So you want your dog to be a mountain bike dog, follow these steps and your dog could be ready to shred some gnarly single tracks this spring.
Here is my quick guide to getting your dog ready to be a mountain bike dog
1.) Physically fit:
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Your pup needs to be ready to run, and if he/she has never done anything close to running alongside a bike, then that means start slow! Start with a short run/bike ride around the neighborhood slowly build up to longer and longer rides or runs, go on hikes get your dog use to the trail, going up rocks, loose gravel, and sand. Swimming is a great work out too, even a good game of Frisbee or fetch is another great way to get your dog physically fit. Also, take into consideration your dog’s age and breed. Older dogs are going to fatigue faster than a 2-year-old, and take in if you have a short snout dog were they can overheat easily if it’s too warm out or exercised to hard. The best rule of thumb is to test your dog out on some short bike rides and see how he or she seems to feel afterward and the next day. If the dog seems to still be ready for more, then gradually extend the rides you take them on. Age is another thing to remember, a 6-month-old puppy is NOT ready to run with a mountain bike they are still growing and their growth plates have not closed yet. If you have any questions, check with your veterinarian. **Remember to always consult with your vet before undergoing any strenuous activities and puppies should never run single tracks till growth plates are done growing and they are cleared by your vet.
Train, train, and TRAIN! Having a great mountain bike dog doesn’t happen overnight. Goose has had lots of training and we have worked very hard to build a reliable recall and basic obedience commands that he will listen to on and off leash, he also knows to stay away from the tires of the bike and knows to either be far enough ahead of the bike or stay behind the bike. He doesn’t dart in front of the bike and he has a command I use to send him forward “go” my version of “mush” I guess. Again go slow you want to make mountain biking a positive fun experience for your pup. If your dog is nervous of the bike or the sound it makes, (say shifting gears) use treats and go slow every time your pup is brave give a treat to him/her, go slowly and always end on a good note and be positive. Short rides around the neighborhood is different than on the trail but still great training none the less. I use a leash (not attached to the bike) and hold my pup while I ride my bike around the neighborhood or park. You’re moving faster now, and prey drive might kick in and your pup might see something fun to chase, if that happens slow down and get off the bike and settle your pup down use a treat or a toy to redirect his or her attention back to you. Then start again. Once you are pros at riding around the park/schools or neighborhood with distractions its time to take it to the trails. You can start with hiking off leash and teaching your dog the rules of the trail and to stay on the trail and not run off after a bunny or deer. Use treats/toy and positive recommencement to show your dog how awesome it is to be with you! Then once you feel like your dog has a reliable recall and will stay with you off leash. Add your mountain bike, take your time go to a place where it is ok to have your dog off leash and take your time go slow reinforcing all the behaviors you want and have trained for. Remember it takes time don’t give up!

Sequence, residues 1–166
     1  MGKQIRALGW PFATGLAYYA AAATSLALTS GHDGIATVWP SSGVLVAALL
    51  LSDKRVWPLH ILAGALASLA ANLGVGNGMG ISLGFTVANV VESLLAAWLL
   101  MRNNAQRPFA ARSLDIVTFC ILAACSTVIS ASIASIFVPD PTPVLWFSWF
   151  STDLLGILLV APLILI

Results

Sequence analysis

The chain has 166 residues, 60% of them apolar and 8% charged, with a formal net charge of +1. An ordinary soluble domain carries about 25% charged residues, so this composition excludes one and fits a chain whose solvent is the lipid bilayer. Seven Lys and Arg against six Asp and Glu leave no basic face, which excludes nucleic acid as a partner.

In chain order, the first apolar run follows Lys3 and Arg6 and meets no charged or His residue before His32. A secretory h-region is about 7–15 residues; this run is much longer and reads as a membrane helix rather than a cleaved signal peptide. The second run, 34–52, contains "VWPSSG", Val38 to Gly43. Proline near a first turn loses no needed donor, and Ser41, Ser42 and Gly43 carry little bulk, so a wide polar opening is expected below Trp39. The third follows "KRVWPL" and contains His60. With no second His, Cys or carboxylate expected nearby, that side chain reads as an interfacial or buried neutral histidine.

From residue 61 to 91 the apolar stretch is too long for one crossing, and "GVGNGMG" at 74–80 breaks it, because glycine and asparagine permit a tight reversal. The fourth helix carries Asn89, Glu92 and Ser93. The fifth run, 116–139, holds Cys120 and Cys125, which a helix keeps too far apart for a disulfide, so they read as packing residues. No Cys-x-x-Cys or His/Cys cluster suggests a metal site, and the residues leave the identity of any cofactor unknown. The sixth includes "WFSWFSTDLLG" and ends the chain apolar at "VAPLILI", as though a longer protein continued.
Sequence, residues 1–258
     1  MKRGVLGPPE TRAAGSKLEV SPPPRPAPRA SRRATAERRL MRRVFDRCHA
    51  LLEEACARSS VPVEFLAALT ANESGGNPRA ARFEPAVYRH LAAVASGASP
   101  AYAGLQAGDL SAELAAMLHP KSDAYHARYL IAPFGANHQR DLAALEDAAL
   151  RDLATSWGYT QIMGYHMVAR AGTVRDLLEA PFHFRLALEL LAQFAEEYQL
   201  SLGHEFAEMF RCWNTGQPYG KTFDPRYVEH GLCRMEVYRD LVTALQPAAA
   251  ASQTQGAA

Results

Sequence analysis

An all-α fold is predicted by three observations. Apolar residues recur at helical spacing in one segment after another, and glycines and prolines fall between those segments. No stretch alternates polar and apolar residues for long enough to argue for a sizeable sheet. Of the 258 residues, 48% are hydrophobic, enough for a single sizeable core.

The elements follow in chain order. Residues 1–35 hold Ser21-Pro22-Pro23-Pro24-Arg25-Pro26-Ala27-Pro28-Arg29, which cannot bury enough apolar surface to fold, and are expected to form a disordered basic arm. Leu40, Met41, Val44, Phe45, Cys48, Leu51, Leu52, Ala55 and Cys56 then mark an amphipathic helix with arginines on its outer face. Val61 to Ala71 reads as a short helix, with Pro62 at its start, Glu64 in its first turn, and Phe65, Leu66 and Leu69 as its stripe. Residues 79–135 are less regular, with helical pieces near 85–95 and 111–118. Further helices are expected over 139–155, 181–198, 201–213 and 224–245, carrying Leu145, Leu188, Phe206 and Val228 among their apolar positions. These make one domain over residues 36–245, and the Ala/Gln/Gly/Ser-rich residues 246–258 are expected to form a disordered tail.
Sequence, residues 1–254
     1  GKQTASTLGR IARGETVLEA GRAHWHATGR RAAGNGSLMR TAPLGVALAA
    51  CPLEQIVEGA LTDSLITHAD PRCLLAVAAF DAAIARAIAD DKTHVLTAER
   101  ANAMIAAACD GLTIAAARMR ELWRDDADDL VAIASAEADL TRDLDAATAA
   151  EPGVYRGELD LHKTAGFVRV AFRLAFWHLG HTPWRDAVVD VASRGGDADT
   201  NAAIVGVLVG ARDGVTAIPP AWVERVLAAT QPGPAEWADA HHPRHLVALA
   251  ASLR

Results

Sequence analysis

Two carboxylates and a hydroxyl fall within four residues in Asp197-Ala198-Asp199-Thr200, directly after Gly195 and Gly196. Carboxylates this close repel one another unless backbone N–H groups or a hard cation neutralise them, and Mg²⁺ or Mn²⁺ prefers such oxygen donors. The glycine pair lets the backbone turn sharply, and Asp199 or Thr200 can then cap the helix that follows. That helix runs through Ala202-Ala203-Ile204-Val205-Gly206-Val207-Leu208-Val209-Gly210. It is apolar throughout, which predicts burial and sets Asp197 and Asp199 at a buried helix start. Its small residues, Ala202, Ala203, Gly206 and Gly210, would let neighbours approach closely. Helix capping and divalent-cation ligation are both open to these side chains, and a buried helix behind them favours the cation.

3.) Trail etiquette:
This is important to remember, you might be sharing the trail with hikers, other mountain bikers, and horses. You don’t want your dog jumping up or barking at hikers and you wouldn’t want your dog doing that to horses either! Bikers here in AZ are to yield to all (hikers and horses) so when we see hikers or horses we pull off to the trail and call Goose to us keeping him near the bikes until the hiker or horses pass. Also, respect the wildlife, don’t let your dog go off trail and chase bunnies, lizards or deer if he gets into the habit of that the next encounter might not be so forgiving such as a skunk or rattlesnake.
Ripping down a single track is awesome but remember your pup is working hard if not harder running the whole time! Breaks in the shade for water are critical here in the AZ desert you don’t want your pup overheating or hurting himself. We break for water regularly when we get a drink, Goose gets one too. I make sure I bring his collapsible Bivy bowl from Ruffwear I know some dogs are great at drinking out of the hydration pack but Goose wastes too much water doing that, so I fill up his bowl and he gets every drop. If we stop for a longer break and we grab a snack for us I always pack some Mini Naturals it gives him enough energy to keep going and gives me peace of mind that he is getting proper nutrition too since he is working so hard.
Goose has Ruffwear Grip Trex boots that he will wear if his pads of his paws start hurting or if he gets an injury. For the most part, he has very tough pads and running around in the desert is nothing to him. We also keep nails trimmed up, long nails can be problematic and can result in an injury. Remember each dog is different, and some dogs hate the booties so much that you’ll never get them to keep them on. Just keep an eye out for limping, and make sure to check their paws after a ride for cactus needles or small cuts. We always carry a comb and tweezers for cactus.
6.) Clean Up:
Leave no trace and always carry poop bags or a plastic bag to clean up after your dog. No one wants to hike or ride through a big pile of dog poop. Leave the trails as you found them.
7.) Have Fun:
Go out hit the single tracks and have some fun! Mountain biking with your pup is a fun way to exercise together, try to stick to these guidelines and you and your dog will have an awesome time on the trail, enjoying nature.